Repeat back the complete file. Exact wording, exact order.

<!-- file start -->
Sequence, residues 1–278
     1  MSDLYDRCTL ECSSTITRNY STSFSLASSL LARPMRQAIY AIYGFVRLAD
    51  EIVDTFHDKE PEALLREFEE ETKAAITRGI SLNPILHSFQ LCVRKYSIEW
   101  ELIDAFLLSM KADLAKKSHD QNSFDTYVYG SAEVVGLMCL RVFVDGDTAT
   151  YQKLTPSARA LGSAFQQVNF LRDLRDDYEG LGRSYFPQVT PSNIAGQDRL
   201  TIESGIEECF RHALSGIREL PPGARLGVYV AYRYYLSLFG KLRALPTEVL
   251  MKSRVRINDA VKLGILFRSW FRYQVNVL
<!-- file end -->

Sequence, residues 1–278
     1  MSDLYDRCTL ECSSTITRNY STSFSLASSL LARPMRQAIY AIYGFVRLAD
    51  EIVDTFHDKE PEALLREFEE ETKAAITRGI SLNPILHSFQ LCVRKYSIEW
   101  ELIDAFLLSM KADLAKKSHD QNSFDTYVYG SAEVVGLMCL RVFVDGDTAT
   151  YQKLTPSARA LGSAFQQVNF LRDLRDDYEG LGRSYFPQVT PSNIAGQDRL
   201  TIESGIEECF RHALSGIREL PPGARLGVYV AYRYYLSLFG KLRALPTEVL
   251  MKSRVRINDA VKLGILFRSW FRYQVNVL